In Critical Frameworks: Lab students engage with ideas-in-the-making, directly from the thought leaders and creative practitioners who are making them. In the class, guest instructors “workshop” ideas from a project that is underway or has just been completed, through readings, screenings, talks, and field trips. Students learn to orient themselves in a domain of new ideas and respond with “writing” that can take many different forms from tweets to ontological schemata to conference papers to short stories. Spring 2013 brings Shannon Herbert, Benjamin Bratton, and Garnet Hertz to the Lab.
Garnet Hertz: Critical Making
This module will explore the concept of critical making, a term coined by Matt Ratto that proposes that hands-on physical work—making—has a clear place in enhancing and extending the process of critical reflection. Students will explore readings in the field through Hertz’s recent Critical Making project—a handmade bookwork that brings together sixty authors who explore the concept that makers need to be critically engaged with culture, history and society. Students will produce visual or written responses to this work, and the module will conclude with the class using this content to produce and publish their own handmade zine.
Garnet Hertz is a contemporary artist and Fulbright Scholar whose work explores themes of technological progress, creativity, innovation and interdisciplinarity. Hertz is an Artist in Residence in the Laboratory for Ubiquitous Computing and Interaction at UC Irvine. He has shown his work internationally, including Ars Electronica, DEAF and SIGGRAPH and was awarded the prestigious 2008 Oscar Signorini Award in robotic art. He is founder and director of Dorkbot SoCal, a monthly Los Angeles-based DIY lecture series on electronic art and design. Hertz is adjunct faculty and thesis advisor in the MDP. conceptlab.com
Benjamin H. Bratton: 2 or 3 Things I Know About The Stack: Projects and Projections Toward the Acceleration of Integral Accidents
As a regime, planetary computation operates at multiple scales, from cloud computing to addressable nanobots. Instead of thinking of this heterogeneity as an unstructured proliferation of incommensurable technologies, they should be understood as layers of an emergent hardware/software stack. The Stack is a megastructure built out of far-flung data centers, embedded urban applications, universal addressing schemes, weird quasi-sovereign geographies, and maniacal self-quantification. How might the emergent geopolitics of this architecture be designed? Each layer generates its own productive accidents: Westphalian geometries of State sovereignty are augmented by an emergent Cloud Polis, even Cloud Feudalism. Cities and mobile software spin out new rights and restrictions to a global hypercity based as much on the capitalization of gestures as the acceleration of mobility. IPv6 and other universal addressing schemes link objects and events into abyssal fields of information exchange. Monotheisms rush in to invest new interfaces with primordial scripts. Augmentation of skin with nanosensors introduces new genres of epidermal media and biopolitical securitization. How to intervene? Designing for the post-Anthropocene requires working across multiple scales at once, working backwards from catastrophic virtualities, and testing the breaking points of provisional totalities.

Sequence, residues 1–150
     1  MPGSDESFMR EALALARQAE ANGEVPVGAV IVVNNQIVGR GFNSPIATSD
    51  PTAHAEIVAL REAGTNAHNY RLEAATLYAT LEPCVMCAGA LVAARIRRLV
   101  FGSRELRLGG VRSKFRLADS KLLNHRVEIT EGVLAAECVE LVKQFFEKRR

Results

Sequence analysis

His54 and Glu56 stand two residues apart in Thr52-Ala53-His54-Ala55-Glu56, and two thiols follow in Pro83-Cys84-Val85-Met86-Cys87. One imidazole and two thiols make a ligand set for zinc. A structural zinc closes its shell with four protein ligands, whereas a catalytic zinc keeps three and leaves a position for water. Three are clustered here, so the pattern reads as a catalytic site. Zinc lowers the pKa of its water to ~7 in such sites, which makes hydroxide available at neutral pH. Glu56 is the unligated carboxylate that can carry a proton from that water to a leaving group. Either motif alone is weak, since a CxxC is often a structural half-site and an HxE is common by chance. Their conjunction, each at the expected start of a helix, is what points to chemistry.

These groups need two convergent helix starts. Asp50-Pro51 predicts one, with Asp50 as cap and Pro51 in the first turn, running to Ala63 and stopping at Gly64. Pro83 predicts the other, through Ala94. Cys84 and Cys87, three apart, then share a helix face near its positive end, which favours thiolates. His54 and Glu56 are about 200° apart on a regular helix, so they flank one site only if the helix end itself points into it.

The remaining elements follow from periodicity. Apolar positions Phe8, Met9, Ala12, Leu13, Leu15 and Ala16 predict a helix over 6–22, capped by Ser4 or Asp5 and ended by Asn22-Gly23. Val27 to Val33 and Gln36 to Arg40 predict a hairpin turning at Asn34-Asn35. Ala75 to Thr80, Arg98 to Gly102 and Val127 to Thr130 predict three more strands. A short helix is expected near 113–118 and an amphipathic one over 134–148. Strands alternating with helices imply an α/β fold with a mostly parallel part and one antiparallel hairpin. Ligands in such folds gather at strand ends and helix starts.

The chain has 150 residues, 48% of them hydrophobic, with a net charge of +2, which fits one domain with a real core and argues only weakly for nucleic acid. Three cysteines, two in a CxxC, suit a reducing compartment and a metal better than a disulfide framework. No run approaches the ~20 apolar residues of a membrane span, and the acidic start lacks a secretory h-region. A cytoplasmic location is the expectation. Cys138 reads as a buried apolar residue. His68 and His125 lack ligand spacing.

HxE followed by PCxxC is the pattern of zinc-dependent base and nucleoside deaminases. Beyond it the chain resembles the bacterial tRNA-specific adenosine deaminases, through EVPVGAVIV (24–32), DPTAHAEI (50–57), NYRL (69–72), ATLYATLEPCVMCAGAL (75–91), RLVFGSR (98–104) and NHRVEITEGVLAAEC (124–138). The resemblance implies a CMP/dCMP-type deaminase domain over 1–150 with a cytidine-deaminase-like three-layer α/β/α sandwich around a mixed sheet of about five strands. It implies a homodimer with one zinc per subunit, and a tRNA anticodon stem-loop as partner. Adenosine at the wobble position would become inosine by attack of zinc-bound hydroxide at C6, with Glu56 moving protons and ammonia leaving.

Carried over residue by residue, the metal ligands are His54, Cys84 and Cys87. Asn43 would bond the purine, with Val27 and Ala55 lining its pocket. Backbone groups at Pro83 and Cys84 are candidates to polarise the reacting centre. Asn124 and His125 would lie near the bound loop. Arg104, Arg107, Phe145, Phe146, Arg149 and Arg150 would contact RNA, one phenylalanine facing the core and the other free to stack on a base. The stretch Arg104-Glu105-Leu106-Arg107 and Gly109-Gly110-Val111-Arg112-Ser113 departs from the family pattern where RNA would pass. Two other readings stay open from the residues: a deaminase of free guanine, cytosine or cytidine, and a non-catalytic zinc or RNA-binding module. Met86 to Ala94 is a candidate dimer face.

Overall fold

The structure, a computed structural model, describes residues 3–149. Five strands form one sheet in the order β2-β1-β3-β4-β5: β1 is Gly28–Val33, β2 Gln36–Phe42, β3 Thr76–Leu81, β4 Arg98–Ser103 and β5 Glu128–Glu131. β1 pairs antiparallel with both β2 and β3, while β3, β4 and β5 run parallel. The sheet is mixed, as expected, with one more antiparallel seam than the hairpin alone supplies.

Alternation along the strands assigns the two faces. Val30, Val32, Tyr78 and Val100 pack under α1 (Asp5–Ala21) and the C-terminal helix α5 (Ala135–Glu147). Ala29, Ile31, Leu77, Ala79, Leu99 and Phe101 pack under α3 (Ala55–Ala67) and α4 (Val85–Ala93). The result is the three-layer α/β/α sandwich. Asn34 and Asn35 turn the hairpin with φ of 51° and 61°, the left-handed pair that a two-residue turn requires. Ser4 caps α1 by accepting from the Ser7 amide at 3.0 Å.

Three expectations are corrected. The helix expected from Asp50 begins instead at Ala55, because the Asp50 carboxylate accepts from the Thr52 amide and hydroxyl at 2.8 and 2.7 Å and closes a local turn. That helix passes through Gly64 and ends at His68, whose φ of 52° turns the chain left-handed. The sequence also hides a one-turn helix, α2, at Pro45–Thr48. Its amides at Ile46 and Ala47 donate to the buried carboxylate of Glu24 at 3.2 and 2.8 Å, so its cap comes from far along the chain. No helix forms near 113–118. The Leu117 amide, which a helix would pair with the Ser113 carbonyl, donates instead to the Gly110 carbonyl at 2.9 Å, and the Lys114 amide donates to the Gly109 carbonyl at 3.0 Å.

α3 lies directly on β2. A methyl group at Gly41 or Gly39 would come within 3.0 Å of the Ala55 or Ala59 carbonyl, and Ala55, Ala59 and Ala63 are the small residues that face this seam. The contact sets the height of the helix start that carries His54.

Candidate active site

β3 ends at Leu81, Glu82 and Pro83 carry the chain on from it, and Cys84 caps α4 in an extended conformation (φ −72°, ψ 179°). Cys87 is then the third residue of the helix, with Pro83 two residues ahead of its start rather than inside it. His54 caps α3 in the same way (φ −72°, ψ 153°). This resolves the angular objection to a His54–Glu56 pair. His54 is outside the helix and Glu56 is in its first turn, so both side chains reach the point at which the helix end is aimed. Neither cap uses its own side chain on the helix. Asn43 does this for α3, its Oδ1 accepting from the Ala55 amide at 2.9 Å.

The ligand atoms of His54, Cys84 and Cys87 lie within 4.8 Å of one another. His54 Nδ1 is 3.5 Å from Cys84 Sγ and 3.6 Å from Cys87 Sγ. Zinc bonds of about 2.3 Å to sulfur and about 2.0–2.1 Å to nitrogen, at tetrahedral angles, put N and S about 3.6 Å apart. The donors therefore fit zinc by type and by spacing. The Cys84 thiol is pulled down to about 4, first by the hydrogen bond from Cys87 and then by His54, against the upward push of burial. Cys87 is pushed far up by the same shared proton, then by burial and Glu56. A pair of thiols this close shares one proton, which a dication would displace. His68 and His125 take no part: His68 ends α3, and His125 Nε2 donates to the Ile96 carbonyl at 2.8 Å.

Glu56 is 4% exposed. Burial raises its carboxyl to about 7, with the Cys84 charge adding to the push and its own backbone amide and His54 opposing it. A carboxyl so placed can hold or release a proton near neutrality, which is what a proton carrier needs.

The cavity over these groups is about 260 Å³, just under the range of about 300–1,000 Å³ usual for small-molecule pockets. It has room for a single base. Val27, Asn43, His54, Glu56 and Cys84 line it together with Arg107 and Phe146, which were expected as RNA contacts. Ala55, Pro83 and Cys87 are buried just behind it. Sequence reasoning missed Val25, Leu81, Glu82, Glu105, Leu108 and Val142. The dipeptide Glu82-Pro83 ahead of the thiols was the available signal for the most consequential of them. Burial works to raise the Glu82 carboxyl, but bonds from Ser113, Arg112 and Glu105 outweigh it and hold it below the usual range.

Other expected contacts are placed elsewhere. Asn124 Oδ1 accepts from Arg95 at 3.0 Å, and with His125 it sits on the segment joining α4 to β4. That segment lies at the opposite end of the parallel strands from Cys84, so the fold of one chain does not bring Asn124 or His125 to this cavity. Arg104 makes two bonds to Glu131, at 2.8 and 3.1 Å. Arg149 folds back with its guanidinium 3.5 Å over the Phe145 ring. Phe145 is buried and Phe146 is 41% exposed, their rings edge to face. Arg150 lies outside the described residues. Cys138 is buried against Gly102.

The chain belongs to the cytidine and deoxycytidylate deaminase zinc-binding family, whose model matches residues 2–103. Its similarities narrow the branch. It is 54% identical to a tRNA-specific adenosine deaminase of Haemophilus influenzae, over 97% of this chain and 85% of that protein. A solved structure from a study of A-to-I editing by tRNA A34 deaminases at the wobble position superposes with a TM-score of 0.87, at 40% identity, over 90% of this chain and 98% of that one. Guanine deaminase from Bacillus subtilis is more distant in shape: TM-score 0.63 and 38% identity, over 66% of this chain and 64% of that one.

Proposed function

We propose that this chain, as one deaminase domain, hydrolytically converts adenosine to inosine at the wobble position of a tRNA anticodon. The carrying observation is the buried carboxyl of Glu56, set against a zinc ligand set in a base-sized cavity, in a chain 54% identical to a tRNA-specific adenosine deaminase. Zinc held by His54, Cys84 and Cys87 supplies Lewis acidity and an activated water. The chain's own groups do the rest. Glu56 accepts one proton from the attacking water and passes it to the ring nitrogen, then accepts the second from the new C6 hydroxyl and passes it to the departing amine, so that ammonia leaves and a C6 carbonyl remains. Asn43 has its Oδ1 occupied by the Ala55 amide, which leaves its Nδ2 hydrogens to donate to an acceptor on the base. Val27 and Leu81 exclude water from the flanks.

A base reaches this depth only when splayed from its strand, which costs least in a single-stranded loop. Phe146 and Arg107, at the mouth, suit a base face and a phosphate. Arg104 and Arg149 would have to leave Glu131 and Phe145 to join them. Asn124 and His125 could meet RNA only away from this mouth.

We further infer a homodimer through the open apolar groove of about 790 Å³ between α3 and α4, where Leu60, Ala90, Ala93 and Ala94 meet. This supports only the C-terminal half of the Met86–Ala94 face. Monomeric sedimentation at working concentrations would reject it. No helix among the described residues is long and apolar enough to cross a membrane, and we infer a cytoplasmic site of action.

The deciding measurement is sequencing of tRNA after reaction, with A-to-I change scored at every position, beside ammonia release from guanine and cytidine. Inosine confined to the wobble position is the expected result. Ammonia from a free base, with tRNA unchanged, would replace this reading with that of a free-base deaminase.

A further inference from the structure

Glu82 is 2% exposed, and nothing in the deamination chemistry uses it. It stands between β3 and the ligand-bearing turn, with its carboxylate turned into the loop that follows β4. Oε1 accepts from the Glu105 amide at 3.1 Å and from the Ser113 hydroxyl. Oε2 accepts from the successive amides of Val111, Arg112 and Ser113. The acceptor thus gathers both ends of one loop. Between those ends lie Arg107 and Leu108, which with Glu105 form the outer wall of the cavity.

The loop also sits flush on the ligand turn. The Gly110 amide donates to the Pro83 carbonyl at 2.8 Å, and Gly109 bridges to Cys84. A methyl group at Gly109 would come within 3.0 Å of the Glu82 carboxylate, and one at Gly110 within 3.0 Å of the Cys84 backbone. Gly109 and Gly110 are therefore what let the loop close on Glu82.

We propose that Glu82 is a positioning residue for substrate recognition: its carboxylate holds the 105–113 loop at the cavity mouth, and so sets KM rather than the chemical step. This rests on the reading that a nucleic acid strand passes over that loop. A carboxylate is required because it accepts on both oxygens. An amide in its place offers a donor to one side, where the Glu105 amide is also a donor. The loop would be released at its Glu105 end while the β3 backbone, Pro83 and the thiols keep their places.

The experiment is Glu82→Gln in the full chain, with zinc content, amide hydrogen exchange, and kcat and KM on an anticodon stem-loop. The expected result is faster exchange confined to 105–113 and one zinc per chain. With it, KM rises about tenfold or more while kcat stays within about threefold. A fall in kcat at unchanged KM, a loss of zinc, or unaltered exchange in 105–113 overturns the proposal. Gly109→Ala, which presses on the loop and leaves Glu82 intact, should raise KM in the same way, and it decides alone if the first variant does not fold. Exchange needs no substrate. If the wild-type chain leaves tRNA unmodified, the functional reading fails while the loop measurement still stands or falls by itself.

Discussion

Benjamin H. Bratton is a theorist whose work spans Philosophy, Art and Design. He is Associate Professor of Visual Arts and Director of D:GP, The Center for Design and Geopolitics at the University of California, San Diego. His research is situated at the intersections of contemporary social and political theory, computational media & infrastructure, architectural & urban design problems, and the politics of synthetic ecologies and biologies. Current work focuses on the political geography of cloud computing, massively-granular universal addressing systems, and alternate models of ecological governance. His next book, The Stack: On Software and Sovereignty, is forthcoming from MIT Press. Bratton has been a frequent guest critic in the MDP. bratton.info
Shannon Herbert: Enacting the Archive
Curators, archivists, and lexicographers emerged as central figures in late-Twentieth-century literature in response to the storage capacity of modern technology and the radical skepticism of contemporary epistemology. Unlike the detectives who peopled the novels of the late-Nineteenth-century, these characters collect and organize information, preferring performance to proof. How do we perform facts? In this section, we will look at the role of aesthetics in shaping truths and playing the archival record.
Shannon Herbert recently completed her Ph.D. in English Literature at The University of Chicago. Her dissertation describes a new genre of contemporary fiction—which she calls curatorial novels—which resemble detective fiction but abandon the detective, staging a drama where information never attains the status of knowledge. The genre thus registers the tensions of a broader epistemological landscape: an excess of data but no stable ground of objectivity, a longing for certainty without the means of attaining it. She also teaches literature and writing courses at Santa Monica College. Herbert is adjunct faculty and thesis writing advisor in the MDP.